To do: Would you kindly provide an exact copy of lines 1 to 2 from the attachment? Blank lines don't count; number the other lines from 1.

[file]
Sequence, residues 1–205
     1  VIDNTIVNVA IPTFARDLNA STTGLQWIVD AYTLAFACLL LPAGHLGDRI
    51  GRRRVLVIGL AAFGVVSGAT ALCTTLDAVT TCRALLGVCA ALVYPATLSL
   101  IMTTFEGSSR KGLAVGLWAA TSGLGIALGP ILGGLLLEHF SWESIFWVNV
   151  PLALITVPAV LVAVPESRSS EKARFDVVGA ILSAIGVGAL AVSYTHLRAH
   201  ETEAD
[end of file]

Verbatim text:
Sequence, residues 1–205
     1  VIDNTIVNVA IPTFARDLNA STTGLQWIVD AYTLAFACLL LPAGHLGDRI